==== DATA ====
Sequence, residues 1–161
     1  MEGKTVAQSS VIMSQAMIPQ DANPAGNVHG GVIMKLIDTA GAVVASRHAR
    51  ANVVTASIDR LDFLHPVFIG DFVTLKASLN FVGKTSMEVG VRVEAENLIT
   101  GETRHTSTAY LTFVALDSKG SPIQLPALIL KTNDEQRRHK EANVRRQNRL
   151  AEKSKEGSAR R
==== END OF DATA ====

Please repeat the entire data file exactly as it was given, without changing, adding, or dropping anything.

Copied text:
Sequence, residues 1–161
     1  MEGKTVAQSS VIMSQAMIPQ DANPAGNVHG GVIMKLIDTA GAVVASRHAR
    51  ANVVTASIDR LDFLHPVFIG DFVTLKASLN FVGKTSMEVG VRVEAENLIT
   101  GETRHTSTAY LTFVALDSKG SPIQLPALIL KTNDEQRRHK EANVRRQNRL
   151  AEKSKEGSAR R